Most opposition leaders, including Narendra Modi, have declared that the Congress wants to keep the country poor and ill-fed so that Rahul can consequently take pictures with the poor and use them for poll campaigns. The media too had been far from kind to Rahul’s version of poverty politics and has slammed the exploitative nature of his actions…
Rahul Gandhi doesn’t have Narendra Modi‘s grassroots advantage. Coming from a lineage that is synonymous with political elitism in India, every move the Gandhi heir makes to connect with the grassroots, even if it is in keeping with the rulebook of Indian politics, is shred apart as a shameful display of his social privilege.
So, when Gandhi decided to spend a day in a poor farmer’s house in Amethi as a part of his poll blitzkrieg, he was immediately taken apart for being showy, so what if gimmick is the middle name of all Indian politicians. In fact, his stay at the farmer’s house has become the BJP’s favourite dartboard. Most opposition leaders, including Narendra Modi, have declared that the Congress wants to keep the country poor and ill-fed so that Rahul can consequently take pictures with the poor and use them for poll campaigns. The media too had been far from kind to Rahul’s version of poverty politics and has slammed the exploitative nature of his actions.
Gandhi has since retraced his steps but with the Congress’ electoral thrust being its programmes to fight poverty , Rahul will simply have to find ways to reach out to the grassroots while making sure his prince-with-the-golden-spoon avatar doesn’t show itself in his efforts. And what better way to start connecting than within the party itself? Placed sharply in contrast with the BJP, which decided to gag Advani and anoint Modi as their Prime Ministerial candidate, reports suggest that Rahul Gandhi has promised to reach out to the juniormost and newest members of his party to take their opinion while nominating a candidate. He is said to have cast off the party’s old ways and said that Delhi will not have the final say in nominating candidates. A report in a national daily quotes a Congress leader from Maharashtra:
“When it comes to selecting party nominees, the old system of Delhi choosing them for you will have to go. You will have a say and your views will be taken into consideration before allotment of party tickets.”
Gandhi, has showed signs of desiring to straighten out the party organisation from the grassroots right with the launch of Khidkee, which was supposed to be a platform for all factions of the Congress to interact and be in touch with the party high command. The other roadblock to a well-organised party devoid of a pre-decided pecking order is nepotism. Rahul trying to abolish it might be fairly ironical, but, in the run-up to the polls he has at least made the right noises by saying candidate will be decided purely on merit and hence suggesting that aspiring Congress MPs fill up an elaborate application form. Then again, he reportedly has put a monitoring process in place in which all AICC secretaries will be required to submit a work-list every month to Gandhi himself.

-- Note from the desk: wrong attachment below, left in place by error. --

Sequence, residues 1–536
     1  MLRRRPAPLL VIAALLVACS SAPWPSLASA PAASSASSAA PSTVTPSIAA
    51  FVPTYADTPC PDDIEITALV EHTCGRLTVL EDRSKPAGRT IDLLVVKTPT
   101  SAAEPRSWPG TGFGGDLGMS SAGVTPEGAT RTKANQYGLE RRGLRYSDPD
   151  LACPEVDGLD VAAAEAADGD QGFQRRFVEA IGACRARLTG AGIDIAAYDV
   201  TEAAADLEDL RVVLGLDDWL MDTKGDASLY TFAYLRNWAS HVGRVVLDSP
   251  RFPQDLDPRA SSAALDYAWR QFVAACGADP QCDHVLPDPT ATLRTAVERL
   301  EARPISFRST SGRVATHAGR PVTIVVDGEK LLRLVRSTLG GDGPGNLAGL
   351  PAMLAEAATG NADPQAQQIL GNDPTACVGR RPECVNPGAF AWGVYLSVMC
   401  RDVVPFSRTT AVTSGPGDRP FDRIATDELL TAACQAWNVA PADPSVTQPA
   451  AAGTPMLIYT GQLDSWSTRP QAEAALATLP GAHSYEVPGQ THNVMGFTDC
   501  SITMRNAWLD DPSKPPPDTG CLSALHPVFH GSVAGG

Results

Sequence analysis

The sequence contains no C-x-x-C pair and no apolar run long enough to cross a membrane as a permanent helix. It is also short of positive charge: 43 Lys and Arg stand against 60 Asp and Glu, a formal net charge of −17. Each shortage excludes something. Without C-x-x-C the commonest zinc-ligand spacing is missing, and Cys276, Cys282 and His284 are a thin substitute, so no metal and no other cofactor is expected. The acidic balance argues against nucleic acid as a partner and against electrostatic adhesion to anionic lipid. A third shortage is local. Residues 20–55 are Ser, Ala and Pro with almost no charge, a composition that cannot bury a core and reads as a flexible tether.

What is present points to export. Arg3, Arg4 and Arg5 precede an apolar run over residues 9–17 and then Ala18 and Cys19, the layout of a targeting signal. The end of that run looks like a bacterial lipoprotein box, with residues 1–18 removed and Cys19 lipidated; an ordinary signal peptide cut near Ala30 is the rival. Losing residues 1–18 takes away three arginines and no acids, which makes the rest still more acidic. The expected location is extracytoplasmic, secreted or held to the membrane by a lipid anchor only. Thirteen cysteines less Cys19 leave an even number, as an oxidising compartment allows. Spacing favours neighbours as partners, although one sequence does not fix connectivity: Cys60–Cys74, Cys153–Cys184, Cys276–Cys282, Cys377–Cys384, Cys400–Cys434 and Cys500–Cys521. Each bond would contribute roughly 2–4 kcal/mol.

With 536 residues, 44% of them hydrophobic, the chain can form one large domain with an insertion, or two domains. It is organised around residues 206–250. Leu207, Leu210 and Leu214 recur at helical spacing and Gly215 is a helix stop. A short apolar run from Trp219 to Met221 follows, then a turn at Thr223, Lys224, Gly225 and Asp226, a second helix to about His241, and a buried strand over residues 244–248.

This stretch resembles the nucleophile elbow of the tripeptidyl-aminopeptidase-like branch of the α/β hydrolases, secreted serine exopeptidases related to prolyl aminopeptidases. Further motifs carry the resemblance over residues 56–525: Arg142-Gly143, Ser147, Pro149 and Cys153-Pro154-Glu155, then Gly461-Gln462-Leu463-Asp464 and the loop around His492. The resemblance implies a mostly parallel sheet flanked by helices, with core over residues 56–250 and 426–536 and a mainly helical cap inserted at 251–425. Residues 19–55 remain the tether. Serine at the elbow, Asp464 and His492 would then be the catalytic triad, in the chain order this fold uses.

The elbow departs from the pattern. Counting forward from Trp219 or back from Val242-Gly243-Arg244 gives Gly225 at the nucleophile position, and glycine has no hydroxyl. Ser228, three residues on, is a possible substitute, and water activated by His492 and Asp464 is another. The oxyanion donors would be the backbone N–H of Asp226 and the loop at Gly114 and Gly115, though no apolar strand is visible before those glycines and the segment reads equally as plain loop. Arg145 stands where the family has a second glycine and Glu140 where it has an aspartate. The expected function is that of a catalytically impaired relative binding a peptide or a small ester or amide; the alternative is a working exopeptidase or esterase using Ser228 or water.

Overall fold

The measures seem reasonably interesting, on the face of it. But then come the riders. Khidkee, Rahul’s pet social media project, has turned out to be a damp squib – while the idea behind it was interesting, there was no consolidated effort to execute it. It has done nothing to bridge the party elite-party grassroots divide. While several district-level unions have joined the party and turned into the high-command worshipping platform, there is not even one valuable blog/address by any senior leader. Similarly, no one knows who will evaluate the five-page application forms that Congress candidates will supposedly fill.
No one also knows what process will be involved in getting the Congress high command to consider the opinion of the lowest party rungs while nominating candidates. And it is next to impossible to imagine Rahul Gandhi sitting and sifting through activity reports submitted by AICC secretaries every month – it is not known whether he has put a team and technology dedicated for the job. And if the Uttar Pradesh Assembly elections is a template to judge the influence of Rahul’s politics of poor, it can be safely said, his politics is yet to grow teeth. In 2007, the Congress won 22 seats in the UP Assembly elections, after Rahul’s intense campaigning in Uttar Pradesh, the Congress’ vote-share went up by just 3 percent and seats by 6 to stand at 28. And if Rahul’s grassroots outreach programme within the party continues to stay on just paper, the national polls might just replicate the Congress’ unimpressive fortunes in UP.
– Firstpost : Why Rahul can’t bridge the elite-grassroots gap in Congress